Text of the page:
At Level 5-5, work involves formulating and exploring new theories and phenomena; providing expertise and advice on program planning and policy making functions covering a broad range of mathematical, statistical, or scientific programs; and/or developing, testing, and advising on theoretical concepts and new or improved technologies and methods.  Work results affect the work of other mathematical, statistical, or science experts; strategic planning of organizational resources; development of agency policy; and program mission, performance, and necessity.

The appellant’s position meets Level 5-4.  The JFS provides an illustration at Level 5-4 of an operations research analyst position providing expert analytical advice and guidance to managers and scientists within or outside the agency.  The work requires conducting data analysis, modeling, and special studies of endangered species in a designated geographical area; analyzing the tracking data of sea turtle migration patterns; monitoring birth and mortality rates; providing advice on experimental design (i.e., the best way to collect data to ensure statistically significant findings); and developing computer programs to conduct analysis and simulations.  Additionally, the work affects the agency’s ability to study endangered species, ensures program efficiency, and minimizes field experimentation costs.  We find the appellant’s position meets the Level 5-4 criteria, in addition to drawing sufficient parallels to the illustration at that level, although markedly different from his work in terms of field and specialty.  For instance, he provides expert analytical advice and guidance to his Center, the FAA, and other clients of the Division.  As he is a specialist in the BIM field, the purpose of the appellant’s consultant- and advisory-focused position involves furnishing advice and research, planning, and review services to the FAA and A/E/C contractors as described at Level 5-4.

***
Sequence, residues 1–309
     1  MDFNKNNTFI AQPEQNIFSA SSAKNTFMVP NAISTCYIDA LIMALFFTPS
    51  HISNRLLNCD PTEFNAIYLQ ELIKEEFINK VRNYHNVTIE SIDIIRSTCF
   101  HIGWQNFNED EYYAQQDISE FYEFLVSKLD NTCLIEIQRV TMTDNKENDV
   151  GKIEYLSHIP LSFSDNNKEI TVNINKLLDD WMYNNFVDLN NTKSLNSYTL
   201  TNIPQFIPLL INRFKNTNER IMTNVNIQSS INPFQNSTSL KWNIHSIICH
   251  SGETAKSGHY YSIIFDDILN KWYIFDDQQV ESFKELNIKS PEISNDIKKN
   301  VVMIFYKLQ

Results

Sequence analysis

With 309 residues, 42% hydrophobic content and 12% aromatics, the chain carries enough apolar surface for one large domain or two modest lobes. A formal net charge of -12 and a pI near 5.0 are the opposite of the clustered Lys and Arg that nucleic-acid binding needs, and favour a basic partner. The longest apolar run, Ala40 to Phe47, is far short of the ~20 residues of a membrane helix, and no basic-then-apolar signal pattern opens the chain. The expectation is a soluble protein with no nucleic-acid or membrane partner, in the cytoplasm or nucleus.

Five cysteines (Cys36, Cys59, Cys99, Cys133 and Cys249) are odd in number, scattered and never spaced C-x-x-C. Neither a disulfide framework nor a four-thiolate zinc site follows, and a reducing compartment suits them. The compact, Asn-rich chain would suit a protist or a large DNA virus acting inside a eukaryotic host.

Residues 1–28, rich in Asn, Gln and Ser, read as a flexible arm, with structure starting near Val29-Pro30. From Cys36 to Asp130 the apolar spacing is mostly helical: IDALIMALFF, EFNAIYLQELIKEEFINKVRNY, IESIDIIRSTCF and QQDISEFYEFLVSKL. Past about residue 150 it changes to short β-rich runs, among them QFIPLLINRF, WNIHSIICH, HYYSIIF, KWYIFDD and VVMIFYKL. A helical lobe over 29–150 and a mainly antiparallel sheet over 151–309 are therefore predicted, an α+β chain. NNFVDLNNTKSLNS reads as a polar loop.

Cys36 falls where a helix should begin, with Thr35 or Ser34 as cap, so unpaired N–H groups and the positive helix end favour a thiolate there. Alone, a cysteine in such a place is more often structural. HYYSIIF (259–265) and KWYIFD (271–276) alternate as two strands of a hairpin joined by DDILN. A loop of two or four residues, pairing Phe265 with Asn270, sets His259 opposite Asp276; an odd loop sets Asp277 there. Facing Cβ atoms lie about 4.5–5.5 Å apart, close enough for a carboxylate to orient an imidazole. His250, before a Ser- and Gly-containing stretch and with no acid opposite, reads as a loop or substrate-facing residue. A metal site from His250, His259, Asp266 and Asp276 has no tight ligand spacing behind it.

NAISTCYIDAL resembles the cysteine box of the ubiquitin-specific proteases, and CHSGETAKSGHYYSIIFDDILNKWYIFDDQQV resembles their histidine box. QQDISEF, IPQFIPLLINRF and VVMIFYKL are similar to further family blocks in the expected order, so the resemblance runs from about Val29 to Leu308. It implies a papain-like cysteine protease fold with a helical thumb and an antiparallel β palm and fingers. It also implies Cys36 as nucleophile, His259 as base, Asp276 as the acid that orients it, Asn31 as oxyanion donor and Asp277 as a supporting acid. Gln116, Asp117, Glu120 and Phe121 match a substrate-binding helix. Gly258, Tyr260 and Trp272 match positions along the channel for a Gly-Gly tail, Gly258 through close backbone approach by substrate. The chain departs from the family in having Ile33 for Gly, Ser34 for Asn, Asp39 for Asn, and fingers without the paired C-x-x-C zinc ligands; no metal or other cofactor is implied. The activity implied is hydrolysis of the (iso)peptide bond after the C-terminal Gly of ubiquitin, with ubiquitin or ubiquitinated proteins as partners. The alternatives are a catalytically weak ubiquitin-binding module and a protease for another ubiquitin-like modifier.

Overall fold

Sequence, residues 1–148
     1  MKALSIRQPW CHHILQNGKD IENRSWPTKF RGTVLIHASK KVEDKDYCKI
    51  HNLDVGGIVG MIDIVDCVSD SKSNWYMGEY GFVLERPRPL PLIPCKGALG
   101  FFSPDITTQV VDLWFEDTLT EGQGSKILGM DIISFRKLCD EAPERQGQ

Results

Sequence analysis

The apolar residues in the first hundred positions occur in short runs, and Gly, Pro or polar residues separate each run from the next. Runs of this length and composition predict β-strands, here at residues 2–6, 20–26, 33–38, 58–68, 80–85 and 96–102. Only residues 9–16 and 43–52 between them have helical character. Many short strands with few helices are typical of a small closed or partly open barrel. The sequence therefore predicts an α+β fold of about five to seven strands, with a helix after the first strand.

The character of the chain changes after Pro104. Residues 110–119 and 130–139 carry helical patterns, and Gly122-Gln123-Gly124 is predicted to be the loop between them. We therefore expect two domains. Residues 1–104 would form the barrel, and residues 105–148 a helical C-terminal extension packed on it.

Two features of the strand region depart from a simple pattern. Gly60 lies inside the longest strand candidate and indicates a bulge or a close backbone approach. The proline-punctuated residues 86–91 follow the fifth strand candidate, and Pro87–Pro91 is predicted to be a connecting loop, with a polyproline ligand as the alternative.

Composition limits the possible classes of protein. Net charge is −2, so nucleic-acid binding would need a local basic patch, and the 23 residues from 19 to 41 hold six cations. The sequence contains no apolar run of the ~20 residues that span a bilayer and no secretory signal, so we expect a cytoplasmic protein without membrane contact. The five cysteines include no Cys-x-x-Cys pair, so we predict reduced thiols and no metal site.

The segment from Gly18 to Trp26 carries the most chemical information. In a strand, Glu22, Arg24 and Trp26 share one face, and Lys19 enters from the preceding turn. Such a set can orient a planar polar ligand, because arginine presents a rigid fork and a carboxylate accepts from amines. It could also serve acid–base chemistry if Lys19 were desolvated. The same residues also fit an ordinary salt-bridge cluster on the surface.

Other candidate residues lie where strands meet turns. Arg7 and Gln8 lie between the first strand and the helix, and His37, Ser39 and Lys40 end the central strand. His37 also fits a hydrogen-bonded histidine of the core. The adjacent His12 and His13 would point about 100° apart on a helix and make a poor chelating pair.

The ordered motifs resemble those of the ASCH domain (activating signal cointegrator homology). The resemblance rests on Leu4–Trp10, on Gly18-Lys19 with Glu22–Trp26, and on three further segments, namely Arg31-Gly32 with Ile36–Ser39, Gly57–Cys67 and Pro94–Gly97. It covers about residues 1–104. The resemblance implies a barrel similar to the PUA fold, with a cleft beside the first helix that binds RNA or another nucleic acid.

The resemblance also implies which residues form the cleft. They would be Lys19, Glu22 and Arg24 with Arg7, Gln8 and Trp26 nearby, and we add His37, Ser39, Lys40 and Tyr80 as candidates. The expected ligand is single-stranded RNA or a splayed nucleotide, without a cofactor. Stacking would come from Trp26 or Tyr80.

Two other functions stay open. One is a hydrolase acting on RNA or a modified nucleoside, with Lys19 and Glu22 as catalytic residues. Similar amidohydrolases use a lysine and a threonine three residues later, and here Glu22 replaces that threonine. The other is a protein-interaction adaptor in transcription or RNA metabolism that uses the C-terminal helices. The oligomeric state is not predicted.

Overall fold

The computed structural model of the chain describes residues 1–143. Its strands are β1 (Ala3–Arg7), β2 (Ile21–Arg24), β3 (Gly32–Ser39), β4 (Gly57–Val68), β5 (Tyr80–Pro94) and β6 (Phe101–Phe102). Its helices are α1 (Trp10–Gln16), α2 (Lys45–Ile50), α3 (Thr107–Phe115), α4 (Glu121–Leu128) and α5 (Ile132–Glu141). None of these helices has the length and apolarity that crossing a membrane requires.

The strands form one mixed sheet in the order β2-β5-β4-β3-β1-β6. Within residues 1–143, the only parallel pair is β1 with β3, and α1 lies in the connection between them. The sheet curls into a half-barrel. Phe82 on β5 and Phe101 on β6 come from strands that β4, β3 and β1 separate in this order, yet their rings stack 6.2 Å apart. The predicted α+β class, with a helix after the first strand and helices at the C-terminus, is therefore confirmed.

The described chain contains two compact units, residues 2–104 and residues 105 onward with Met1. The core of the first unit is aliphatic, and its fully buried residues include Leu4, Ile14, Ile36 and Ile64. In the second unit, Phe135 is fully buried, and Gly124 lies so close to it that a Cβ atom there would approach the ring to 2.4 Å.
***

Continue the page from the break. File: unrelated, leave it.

Similar to Level 5-4, the appellant’s position involves developing BIM criteria, procedures, and instructions for DEI projects.  For example, his work involves establishing an organizational structure and file naming convention for BIM file storage; reviewing and approving BIM deliverables from A/E/C contractors; formulating recommendations such as enhancing the functionality of 3D files to type in make, model, and other facility data into embedded objects; and testing BIM software and other tools relating to the capacity for drafting, designing, or documenting facility data.  He recommends BIM workflow processes and procedures based on research, lessons learned, and information provided by technical experts at other Federal agencies.  Incorporating BIM into the workflow is new to FAA projects.  Thus, his work involves originating new and improved strategies for original concepts and principles as expected at Level 5-4.  Moreover, the appellant’s advisory work and change agent role ultimately results in affecting the efficiency and credibility of applications meeting agency and industry specifications, decisions of key officials to adopt and/or accept new approaches and technology, the safe and effective use of the new systems or approaches, and their compatibility with existing systems as expected at Level 5-4.